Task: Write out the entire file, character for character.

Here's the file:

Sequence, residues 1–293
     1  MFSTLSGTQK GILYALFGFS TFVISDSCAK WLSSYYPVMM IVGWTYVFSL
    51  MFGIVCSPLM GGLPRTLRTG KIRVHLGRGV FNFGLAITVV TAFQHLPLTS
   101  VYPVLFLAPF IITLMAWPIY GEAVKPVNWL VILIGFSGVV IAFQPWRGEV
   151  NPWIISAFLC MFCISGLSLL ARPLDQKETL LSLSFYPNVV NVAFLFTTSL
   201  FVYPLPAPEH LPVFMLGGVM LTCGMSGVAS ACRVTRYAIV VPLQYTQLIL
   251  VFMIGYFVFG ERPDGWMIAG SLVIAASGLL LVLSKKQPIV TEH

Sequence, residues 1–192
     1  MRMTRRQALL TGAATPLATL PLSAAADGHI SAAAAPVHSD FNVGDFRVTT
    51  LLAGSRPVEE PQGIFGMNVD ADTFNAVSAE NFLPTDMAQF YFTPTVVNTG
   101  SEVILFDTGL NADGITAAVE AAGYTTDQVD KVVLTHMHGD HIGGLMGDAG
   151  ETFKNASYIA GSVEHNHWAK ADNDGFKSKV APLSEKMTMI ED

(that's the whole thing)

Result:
Sequence, residues 1–293
     1  MFSTLSGTQK GILYALFGFS TFVISDSCAK WLSSYYPVMM IVGWTYVFSL
    51  MFGIVCSPLM GGLPRTLRTG KIRVHLGRGV FNFGLAITVV TAFQHLPLTS
   101  VYPVLFLAPF IITLMAWPIY GEAVKPVNWL VILIGFSGVV IAFQPWRGEV
   151  NPWIISAFLC MFCISGLSLL ARPLDQKETL LSLSFYPNVV NVAFLFTTSL
   201  FVYPLPAPEH LPVFMLGGVM LTCGMSGVAS ACRVTRYAIV VPLQYTQLIL
   251  VFMIGYFVFG ERPDGWMIAG SLVIAASGLL LVLSKKQPIV TEH

Sequence, residues 1–192
     1  MRMTRRQALL TGAATPLATL PLSAAADGHI SAAAAPVHSD FNVGDFRVTT
    51  LLAGSRPVEE PQGIFGMNVD ADTFNAVSAE NFLPTDMAQF YFTPTVVNTG
   101  SEVILFDTGL NADGITAAVE AAGYTTDQVD KVVLTHMHGD HIGGLMGDAG
   151  ETFKNASYIA GSVEHNHWAK ADNDGFKSKV APLSEKMTMI ED